Manufacturer catalogue image
Era 4 (1948 to 1956) British Railways Early Crest
Designed by T.W Worsdell, the GER Class Y14 (LNER Class J15) was his solution to the lack of suitable freight locomotives available on the Doncaster route, following the opening of the GN&GE joint line.
The first Y14s were built in July 1883, and they would go on to become the most numerous of the Great Eastern Railway's locomotive types, with a total of 259 being built in 27 batches. One of the reasons for the type's success was their simple design and in 1891, the Great Eastern Railway set the world record for erecting a steam locomotive, No. 930 being assembled at Stratford in just 9 hours and 45 minutes, beating the previous record set at Crewe. The boiler design of the Y14 was to become Holden's standard, small engine boiler, the dome being placed well forward with a long stovepipe chimney.
Hauling both freight and passenger stock and with a very low axle loading, they could run virtually anywhere on the Great Eastern"s network, a trait that saw 43 engines loaned to the Government for service on the Western Front in the First World War. Withdrawals from service started to take place during the early 1920s, seventeen disappearing before Grouping in 1923. The newly formed London North Eastern Railway re-designated the 272 remaining engines of the Y14 Class as J15 Class and as the numbers of locomotives reduced, the roles assigned to the J15s changed, local freight and cross-country passenger services being typical. Rarely allocated outside East Anglia, scrapping of the class recommenced in 1947 and just 127 locomotives were handed over to British Rail, by the LNER, in 1948.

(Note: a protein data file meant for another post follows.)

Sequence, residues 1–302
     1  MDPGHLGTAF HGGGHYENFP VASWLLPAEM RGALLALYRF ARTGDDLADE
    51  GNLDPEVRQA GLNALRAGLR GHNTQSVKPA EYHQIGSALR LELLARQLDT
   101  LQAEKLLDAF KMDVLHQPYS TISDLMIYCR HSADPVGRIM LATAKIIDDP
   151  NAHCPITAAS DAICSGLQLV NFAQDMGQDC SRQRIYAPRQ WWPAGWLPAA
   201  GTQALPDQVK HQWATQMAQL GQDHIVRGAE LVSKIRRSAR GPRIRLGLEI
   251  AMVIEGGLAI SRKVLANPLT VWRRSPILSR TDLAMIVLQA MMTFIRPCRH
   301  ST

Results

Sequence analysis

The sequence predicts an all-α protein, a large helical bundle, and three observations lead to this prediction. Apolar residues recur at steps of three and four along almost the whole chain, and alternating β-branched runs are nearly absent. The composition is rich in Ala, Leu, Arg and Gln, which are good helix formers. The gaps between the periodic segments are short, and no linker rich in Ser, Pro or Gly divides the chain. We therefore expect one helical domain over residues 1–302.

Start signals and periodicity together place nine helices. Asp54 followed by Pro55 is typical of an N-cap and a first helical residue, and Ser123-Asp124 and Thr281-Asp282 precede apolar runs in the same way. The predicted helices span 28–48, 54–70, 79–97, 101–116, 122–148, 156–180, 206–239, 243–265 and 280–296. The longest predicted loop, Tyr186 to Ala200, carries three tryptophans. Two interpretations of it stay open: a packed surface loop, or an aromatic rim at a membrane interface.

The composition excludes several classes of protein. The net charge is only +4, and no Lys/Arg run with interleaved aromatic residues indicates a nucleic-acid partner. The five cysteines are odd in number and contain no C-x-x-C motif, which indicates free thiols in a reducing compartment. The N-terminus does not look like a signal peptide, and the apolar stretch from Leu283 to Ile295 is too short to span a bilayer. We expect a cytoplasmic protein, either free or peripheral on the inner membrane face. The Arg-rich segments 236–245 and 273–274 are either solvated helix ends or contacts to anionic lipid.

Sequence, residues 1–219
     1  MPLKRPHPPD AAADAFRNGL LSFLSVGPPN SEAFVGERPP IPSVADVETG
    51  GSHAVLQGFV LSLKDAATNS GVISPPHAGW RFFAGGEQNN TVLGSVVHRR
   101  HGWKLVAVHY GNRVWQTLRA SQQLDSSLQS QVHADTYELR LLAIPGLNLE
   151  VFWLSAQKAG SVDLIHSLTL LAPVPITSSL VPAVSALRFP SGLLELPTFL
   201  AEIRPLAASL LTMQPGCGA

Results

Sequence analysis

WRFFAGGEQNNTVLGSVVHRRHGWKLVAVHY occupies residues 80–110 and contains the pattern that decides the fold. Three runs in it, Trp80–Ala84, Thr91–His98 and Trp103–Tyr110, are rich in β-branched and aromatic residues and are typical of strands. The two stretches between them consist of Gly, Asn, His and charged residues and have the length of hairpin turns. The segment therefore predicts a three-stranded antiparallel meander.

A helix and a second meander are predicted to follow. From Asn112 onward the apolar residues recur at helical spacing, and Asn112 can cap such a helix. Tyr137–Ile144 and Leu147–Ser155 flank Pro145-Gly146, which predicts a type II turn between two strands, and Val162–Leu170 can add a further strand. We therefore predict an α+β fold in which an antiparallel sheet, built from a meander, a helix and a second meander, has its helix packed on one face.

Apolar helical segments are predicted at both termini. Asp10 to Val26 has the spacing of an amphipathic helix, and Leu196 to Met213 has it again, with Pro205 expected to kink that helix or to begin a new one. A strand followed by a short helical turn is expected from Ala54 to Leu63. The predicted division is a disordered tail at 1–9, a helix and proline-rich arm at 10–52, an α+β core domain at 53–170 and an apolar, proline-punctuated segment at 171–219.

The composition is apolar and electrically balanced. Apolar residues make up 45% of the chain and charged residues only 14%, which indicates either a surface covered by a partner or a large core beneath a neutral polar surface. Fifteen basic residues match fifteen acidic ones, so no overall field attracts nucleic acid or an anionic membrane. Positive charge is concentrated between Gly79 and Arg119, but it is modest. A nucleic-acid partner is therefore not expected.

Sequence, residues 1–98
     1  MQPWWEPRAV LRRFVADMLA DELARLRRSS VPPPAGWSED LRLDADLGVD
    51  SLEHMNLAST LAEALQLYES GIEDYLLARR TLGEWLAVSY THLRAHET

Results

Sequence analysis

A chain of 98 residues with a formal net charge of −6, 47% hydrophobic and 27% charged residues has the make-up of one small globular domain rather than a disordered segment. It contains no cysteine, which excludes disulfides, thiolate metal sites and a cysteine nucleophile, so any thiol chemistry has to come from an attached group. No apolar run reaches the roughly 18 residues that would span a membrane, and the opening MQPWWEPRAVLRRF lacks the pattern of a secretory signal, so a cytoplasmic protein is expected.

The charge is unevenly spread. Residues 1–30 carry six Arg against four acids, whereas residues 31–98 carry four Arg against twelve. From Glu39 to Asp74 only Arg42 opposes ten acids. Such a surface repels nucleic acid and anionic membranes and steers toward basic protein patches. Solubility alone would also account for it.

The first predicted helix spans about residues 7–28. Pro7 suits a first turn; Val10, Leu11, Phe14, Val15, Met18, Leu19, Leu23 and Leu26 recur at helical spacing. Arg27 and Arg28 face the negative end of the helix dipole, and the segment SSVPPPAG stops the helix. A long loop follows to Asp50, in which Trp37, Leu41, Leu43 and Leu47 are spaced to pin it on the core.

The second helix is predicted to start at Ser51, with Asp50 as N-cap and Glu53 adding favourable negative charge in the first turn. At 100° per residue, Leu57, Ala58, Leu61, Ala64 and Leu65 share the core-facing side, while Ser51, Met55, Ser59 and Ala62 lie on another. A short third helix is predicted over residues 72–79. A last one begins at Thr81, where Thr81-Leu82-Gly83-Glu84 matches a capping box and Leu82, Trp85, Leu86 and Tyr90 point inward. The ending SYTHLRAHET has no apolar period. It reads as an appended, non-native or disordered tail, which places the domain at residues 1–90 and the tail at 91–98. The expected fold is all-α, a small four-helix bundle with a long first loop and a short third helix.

Seventy one engines made it through to British Rail re-numbering in the 60,000 number series, the last four being withdrawn from service on September 16, 1962. Locomotive 65477 was built at Stratford Works under Order G73 and entered traffic during August 1913 as NER No.549. Renumbered to LNER No.7549 following Grouping, in December 1946 the locomotive was renumbered to 5477. The locomotive spent its working life allocated to Cambridge Shed and at Nationalisation took the BR No.65477, finally being withdrawn during February 1960 and cut up shortly after, in March 1960.
* Class names often change over the lifespan of a locomotive, so this is not necessarily the class name used by the operator in the period modelled.
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